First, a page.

The Associated Press
WASHINGTON -- The Supreme Court on Monday granted a temporary reprieve to a death row inmate in Virginia to consider whether lower courts correctly weighed his claim that his lawyer did a poor job of representing him.
Edward Nathaniel Bell, 40, had been facing execution in July for murdering a police officer.
Bell asked the court to step into his case, arguing that he could have been spared a death sentence if his lawyer had done a better job of representing him during the sentencing phase of his trial.
His execution was previously delayed by the Supreme Court's consideration of lethal injection procedures. The court upheld the execution method last month.
The justices said they would resolve an issue that has split federal appeals courts around the country.
Death row inmates may petition the federal system to review their cases after they have run out of appeals in state courts. Some appeals courts have deferred to state court rulings against the defendant, even when new evidence becomes available in the federal appeal. Other courts have taken the evidence into account.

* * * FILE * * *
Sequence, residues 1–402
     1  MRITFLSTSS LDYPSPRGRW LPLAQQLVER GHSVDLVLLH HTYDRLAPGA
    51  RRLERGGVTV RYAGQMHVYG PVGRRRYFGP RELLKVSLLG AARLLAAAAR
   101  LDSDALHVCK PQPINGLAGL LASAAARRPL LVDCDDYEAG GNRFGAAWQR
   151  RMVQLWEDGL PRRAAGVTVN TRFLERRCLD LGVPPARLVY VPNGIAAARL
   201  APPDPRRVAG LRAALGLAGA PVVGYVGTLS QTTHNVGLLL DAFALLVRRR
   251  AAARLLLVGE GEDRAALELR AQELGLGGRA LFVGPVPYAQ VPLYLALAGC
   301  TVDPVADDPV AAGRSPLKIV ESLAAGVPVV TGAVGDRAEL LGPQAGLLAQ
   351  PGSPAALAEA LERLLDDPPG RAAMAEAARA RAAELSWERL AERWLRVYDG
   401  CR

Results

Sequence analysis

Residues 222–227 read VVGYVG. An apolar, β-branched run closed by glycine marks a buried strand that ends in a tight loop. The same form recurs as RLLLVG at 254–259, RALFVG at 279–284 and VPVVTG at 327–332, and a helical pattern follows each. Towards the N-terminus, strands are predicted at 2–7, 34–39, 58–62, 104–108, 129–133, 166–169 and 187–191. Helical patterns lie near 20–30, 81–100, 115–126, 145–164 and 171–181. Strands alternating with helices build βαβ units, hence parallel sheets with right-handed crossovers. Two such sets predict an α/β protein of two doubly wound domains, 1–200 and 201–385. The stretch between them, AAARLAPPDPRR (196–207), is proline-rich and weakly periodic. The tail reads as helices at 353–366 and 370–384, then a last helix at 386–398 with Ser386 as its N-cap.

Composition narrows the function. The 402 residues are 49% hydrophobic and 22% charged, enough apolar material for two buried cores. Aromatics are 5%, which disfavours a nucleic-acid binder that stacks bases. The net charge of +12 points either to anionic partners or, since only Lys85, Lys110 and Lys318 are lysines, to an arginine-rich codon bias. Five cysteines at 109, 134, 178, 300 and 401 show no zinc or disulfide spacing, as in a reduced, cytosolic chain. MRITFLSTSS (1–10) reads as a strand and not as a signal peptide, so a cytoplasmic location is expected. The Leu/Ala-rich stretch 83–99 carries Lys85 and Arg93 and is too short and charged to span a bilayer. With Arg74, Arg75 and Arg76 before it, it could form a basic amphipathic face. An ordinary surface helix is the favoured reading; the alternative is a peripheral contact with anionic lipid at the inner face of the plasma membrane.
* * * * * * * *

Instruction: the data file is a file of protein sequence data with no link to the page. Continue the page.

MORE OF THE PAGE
Bell contends that the 4th U.S. Circuit Court of Appeals in Richmond was wrong when it determined that Virginia courts acted reasonably in turning down his claims. Bell argues that the state refused to consider evidence that could show he was deprived of adequate representation in violation of his constitutional rights.
The high court will hear arguments in the case in the fall.
Bell was convicted and sentenced to death in 2001 for killing Winchester, Va., Sgt. Ricky Timbrook in October 1999.
Timbrook was looking for a probation violator when he spotted Bell and pursued him on foot. Prosecutors said Bell shot Timbrook in the face because he feared the officer would find him carrying a gun or drugs.
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The case is Bell v. Kelly, 07-1223.